The marine inhabitants of Tubbataha see few divers, and are naturally cautious. It’s tricky getting close, and the best strategy is getting upcurrent from their trajectory, then drifting onto them. A sprint approach from behind will lead to a steady stream of fish-bum photos.
I recommend that photographers bring more than just a fish-eye lens.
A rectilinear wide-angle or mid-range lens would be a good idea for getting you closer to the shyer pelagic species.
I also wished I had brought my macro lens, as there are plentiful opportunities for fish portraits and behaviour shots.
Tubbataha’s health is not measured only in its corals and sharks but in the abundance and diversity of fish. From territorial damsels to crunching parrots, a tornado of them surrounds every dive.
TAKE THE TIME to cruise in the shallower waters among this thriving fish community. Slow down and you’ll get a glimpse into the everyday social behaviour of fish life: fighting, flirting, feeding and mating.
In fact, on one of our last dives we are treated to the rare spectacle of Napoleon wrasse mating in the shallows. Consumed by primal instincts, they allow us to approach far closer than usual, and we watch in wonder as their turbulent courtship ends in procreation.
All this pleasurable activity must be seen in the context of Tubbataha’s history. Awareness of the abundant reefs became widespread in the 1980s and, as the decade progressed with depleting coastal fish-stocks, so Tubbataha’s appeal to fishermen grew. Commercial fishing quickly made damaging inroads on the reef, bringing with it destructive practices such as dynamite- and cyanide-fishing.
A campaign led by divers and environmentalists to protect this wonder of the world was initiated. It was declared a national marine park in 1988 and a UNESCO World Heritage Site in 1993.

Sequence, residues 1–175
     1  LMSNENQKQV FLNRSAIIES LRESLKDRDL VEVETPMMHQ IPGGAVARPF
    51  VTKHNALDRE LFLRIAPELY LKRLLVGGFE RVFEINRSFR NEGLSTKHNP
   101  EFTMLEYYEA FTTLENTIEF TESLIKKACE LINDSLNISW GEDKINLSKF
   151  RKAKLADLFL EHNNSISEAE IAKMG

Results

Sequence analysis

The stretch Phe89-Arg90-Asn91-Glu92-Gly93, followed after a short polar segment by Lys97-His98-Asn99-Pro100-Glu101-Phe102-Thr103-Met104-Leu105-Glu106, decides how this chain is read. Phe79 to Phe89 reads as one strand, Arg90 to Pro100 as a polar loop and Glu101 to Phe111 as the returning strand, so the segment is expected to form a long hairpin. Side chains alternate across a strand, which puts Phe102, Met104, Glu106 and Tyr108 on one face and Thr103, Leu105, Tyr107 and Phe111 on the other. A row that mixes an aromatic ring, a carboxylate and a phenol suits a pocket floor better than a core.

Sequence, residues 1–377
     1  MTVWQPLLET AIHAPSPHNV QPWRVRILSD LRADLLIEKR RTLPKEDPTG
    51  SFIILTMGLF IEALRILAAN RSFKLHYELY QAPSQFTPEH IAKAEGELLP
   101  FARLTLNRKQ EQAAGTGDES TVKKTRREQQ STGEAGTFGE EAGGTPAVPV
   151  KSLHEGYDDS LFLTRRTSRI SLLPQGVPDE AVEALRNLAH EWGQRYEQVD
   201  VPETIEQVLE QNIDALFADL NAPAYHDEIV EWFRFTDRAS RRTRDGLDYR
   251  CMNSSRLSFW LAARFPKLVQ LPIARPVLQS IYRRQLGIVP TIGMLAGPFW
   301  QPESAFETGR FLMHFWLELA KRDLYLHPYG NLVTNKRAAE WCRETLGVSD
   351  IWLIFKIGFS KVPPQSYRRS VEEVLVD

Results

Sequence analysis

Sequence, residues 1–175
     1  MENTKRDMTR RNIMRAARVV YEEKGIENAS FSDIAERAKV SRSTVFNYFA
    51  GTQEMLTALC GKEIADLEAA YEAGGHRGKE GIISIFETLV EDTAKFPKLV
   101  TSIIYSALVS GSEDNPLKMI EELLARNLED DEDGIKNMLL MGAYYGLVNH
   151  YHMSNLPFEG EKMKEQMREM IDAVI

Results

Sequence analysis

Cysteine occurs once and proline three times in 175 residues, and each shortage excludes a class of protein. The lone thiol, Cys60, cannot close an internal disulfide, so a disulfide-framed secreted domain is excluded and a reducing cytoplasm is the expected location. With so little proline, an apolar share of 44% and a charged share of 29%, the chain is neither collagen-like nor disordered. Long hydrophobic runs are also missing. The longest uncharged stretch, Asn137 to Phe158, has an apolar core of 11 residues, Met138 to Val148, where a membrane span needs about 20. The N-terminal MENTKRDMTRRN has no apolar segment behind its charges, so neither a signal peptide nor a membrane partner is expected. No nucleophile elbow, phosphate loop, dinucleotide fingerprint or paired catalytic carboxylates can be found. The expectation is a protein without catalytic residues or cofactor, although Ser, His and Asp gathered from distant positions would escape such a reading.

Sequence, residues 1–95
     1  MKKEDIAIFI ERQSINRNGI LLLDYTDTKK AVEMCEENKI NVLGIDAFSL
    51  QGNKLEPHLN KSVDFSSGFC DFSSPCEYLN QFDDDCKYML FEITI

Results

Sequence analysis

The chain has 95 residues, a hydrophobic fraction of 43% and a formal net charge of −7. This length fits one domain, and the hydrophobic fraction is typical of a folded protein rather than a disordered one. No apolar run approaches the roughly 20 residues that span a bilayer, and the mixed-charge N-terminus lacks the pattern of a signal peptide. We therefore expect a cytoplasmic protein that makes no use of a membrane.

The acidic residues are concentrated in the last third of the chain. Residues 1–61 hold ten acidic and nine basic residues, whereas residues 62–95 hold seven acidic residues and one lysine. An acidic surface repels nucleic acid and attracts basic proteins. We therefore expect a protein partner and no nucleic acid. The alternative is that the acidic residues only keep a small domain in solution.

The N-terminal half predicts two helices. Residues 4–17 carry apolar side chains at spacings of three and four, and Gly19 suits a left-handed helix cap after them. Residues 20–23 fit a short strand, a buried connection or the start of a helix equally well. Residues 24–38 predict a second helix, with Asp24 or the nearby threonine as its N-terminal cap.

Great on paper, but the responsibility for protecting Tubbataha shifted between a number of ineffective management teams after its declaration as a marine park, and destructive practices continued.
Marine rangers first appeared in the mid-’90s but these soldiers living under canvas in an isolated territory were poorly trained, equipped and motivated. They were ineffective and vulnerable to bribery.
Since 2001, when stewardship of the park fell to the Tubbataha Marine Office, remarkable progress has been made. Today’s marine rangers are both security guards and marine conservationists. Ten to 12 are on-site at all times, and their base is now a concrete structure equipped with electricity and radar.
Eighty per cent of marine-park funding goes towards policing, and it is by having a permanent task force of well-trained rangers that Tubbataha has been able to regenerate as a true marine protected area. At the end of our trip we visit the station and hang out with the rangers, who are welcoming and, unsurprisingly, very good at beach volleyball!
I see Tubbataha as one of the last outposts of the ocean as it should be, and an essential destination for ocean-lovers.
We may, as Leonardo Di Caprio and many others have said, stand at a tipping-point for ocean welfare, but I hope Tubbataha is not a relic of the past but a model for the future.
It shows that with government support and constant, well-organised surveillance, marine protected areas can work. Dive it and see for yourself!
Appeared in DIVER November 2016